To make an auto insurance claim, at the minimum, you need the facts of the car accident, such as its location, the time of day it occurred, and information about the other cars, drivers, and their passengers, if any. You may also need a police report if there were injuries or if the other parties dispute the facts of the loss.
The Law Firm of Anidjar & Levine can answer your questions and help you file a valid insurance claim. Call us now at 800-747-3733 to arrange for a free legal consultation.
What Do I Need to Do to File a Claim?
First, obtain basic information about your accident, such as:
- The other driver’s name, phone number, insurance information, and license plate number
- A police report of your accident
- Photos of the damaged vehicles
- Your medical records and expenses, if you sustained injuries from the accident
- Documents showing ambulance transport costs, if you went to the hospital after the car accident
- Phone numbers of eyewitnesses willing to testify on your behalf
Also, review your auto insurance policy to determine the type of coverage that may apply to your case. We can speak with you during your case evaluation about other information you might need for your claim.
Filing a Claim With Your Insurance Company
If you have less than $10,000 in costs associated with your injuries, your Personal Injury Protection (PIP) benefits cover your expenses. PIP pays a maximum of $10,000, which includes 80 percent of medical expenses and 60 percent of lost wages. To get these benefits, you must seek treatment for your injuries within 14 days after the accident. If the doctor finds you did not have an emergency medical condition, your auto insurer will only pay up to $2,500 in benefits.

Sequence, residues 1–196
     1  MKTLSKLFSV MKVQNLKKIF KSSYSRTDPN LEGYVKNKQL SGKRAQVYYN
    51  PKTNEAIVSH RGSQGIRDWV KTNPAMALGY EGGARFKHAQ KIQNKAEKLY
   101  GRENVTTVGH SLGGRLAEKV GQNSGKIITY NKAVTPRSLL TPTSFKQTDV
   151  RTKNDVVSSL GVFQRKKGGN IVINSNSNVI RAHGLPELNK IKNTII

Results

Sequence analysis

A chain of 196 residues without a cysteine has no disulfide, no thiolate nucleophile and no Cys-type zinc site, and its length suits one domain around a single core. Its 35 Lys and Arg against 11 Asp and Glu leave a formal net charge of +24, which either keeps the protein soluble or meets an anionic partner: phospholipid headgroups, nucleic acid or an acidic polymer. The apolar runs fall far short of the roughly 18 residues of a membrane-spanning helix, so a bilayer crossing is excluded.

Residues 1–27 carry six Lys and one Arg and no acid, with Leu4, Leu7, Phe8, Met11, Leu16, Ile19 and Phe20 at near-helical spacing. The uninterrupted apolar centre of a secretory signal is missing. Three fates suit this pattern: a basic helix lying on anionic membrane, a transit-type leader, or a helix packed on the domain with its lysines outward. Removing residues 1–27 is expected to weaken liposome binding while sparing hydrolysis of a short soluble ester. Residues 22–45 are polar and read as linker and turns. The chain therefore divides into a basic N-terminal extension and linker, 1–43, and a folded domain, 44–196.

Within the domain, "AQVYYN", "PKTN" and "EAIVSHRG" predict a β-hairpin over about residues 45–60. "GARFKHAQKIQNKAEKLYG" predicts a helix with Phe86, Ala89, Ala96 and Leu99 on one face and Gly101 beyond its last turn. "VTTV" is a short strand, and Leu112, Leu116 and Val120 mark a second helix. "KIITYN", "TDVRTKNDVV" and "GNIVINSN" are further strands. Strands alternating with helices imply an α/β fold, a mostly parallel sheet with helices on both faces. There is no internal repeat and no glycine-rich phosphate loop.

Who Pays for Damages to My Vehicle?
Your collision coverage pays for repairing or replacing your vehicle if you have this optional coverage in your auto insurance policy. Florida does not require vehicle owners to purchase collision coverage. The state only requires vehicle owners to have minimum insurance of $10,000 for bodily injury to one person, $20,000 for bodily injury to two or more people, and $10,000 property damage liability. Having collision coverage comes in handy when an accident happens.
What If My Damages Go Beyond the State Minimum Insurance Requirements?
You can file a claim with the at-fault driver’s insurance company to recover additional compensation or file a personal injury lawsuit. However, you need to know that your injuries must meet the criteria set by Florida law. You may only file a lawsuit if you can prove that you sustained one of the following injuries from the car accident:
- Permanent bodily injury
- Physical scarring
- Physical disfigurement
This part of the process can get complicated. For instance, the other driver may not take responsibility for causing your severe injuries, or the driver’s insurance company may contend you do not have adequate proof to show that the accident caused these injuries. So, you have a lot at stake if you cannot successfully prove your case.
How Do I Prove My Injury Claim?
Our legal team helps you collect vital evidence to build a valid insurance claim. For instance, we may gather documentation that includes the following:
- Statements from you and your family members on how the accident impacted your life.
- A statement from your physician on your prognosis and need for future medical care.
- Proof through traffic camera video that shows another party caused the accident.
You must also prove that the at-fault driver’s negligence caused the accident that left you with physical injuries and vehicle damage. As required by Florida’s negligence statute, we can help you prove that:
- The driver had a duty to drive carefully.
- The driver breached that duty.
- The driver’s breach of duty caused an accident.
- The driver’s negligent actions caused you to suffer damages.
Contact Us Now!
Call the Law Firm of Anidjar and Levine today at 800-747-3733 to make an appointment for a free legal evaluation. We pursue every avenue until you get the best possible outcome for your claim.